Bowel tumour size and outcome
My father has just been diagnosed with bowel cancer and has been told the tumour is probably very large. Does this mean it is less likely to be cured?
Bowel cancer can be difficult to diagnose early because it often has very vague symptoms. People may think that the problems are just due to a stomach bug or short term constipation or diarrhoea.
The earlier any cancer is diagnosed, the better the chance of the treatment being successful. If your father's bowel cancer has been there for some time, it has had more time to grow. So it may then have broken through the bowel wall or spread to other organs.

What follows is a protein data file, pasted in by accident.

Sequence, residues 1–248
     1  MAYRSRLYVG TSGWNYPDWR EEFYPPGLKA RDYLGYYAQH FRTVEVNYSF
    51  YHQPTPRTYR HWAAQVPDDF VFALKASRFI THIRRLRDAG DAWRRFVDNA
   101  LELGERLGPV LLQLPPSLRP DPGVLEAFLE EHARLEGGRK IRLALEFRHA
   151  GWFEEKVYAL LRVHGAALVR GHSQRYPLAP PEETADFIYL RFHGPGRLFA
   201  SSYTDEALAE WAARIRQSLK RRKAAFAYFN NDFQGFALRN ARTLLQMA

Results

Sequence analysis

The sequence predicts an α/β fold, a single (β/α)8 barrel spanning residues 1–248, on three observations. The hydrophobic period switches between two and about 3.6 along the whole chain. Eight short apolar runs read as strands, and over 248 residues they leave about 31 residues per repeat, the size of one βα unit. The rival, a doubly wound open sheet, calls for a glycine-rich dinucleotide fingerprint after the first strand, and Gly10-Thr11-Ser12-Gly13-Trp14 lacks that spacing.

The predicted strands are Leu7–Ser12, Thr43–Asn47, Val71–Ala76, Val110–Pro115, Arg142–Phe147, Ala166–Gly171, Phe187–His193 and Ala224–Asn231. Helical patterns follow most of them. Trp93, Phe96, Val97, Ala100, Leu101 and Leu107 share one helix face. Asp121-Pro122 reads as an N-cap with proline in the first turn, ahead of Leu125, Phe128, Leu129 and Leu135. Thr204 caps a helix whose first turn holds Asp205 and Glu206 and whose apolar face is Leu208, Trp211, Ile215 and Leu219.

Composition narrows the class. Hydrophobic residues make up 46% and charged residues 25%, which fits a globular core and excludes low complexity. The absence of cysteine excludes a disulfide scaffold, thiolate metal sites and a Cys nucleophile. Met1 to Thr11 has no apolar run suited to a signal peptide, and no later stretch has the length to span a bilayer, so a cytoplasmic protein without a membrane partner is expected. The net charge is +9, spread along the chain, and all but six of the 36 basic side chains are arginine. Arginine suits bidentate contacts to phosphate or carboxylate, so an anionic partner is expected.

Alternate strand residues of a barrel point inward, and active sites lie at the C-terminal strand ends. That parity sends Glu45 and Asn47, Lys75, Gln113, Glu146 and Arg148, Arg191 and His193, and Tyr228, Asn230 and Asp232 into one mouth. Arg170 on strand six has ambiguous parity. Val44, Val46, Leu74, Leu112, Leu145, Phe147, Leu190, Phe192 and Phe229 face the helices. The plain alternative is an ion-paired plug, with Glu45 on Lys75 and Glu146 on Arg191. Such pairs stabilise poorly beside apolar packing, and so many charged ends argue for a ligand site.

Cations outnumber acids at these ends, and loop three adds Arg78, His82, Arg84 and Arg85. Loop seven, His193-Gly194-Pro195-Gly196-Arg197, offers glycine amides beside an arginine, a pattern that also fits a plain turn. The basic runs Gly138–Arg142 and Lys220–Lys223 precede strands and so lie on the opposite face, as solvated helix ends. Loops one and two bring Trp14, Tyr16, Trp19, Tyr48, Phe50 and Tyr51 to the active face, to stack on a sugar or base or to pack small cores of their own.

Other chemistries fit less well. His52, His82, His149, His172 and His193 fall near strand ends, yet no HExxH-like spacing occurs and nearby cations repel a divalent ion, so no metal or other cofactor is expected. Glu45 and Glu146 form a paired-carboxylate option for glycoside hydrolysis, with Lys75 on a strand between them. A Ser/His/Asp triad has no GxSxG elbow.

But large tumours do not always spread. Cancer is very unpredictable. The same type of cancer may grow in one place in one person and not spread at all. In another person, the cancer may spread at a much earlier stage. Your father will have tests to help show whether or not the cancer has spread to other organs. The tests also aim to show if it is possible to operate to remove the cancer completely.
If your father's cancer has not spread outside the bowel, it may be possible to cure it. If it has spread, the doctors may try to contain the cancer and stop it from spreading any further, rather than aiming to cure it. Even if the cancer is not likely to be completely cured, it may be possible to keep it under control for some years.
Your father may wish to ask his doctor about the stage of his cancer. The stage means how far the cancer has developed and whether it has spread.
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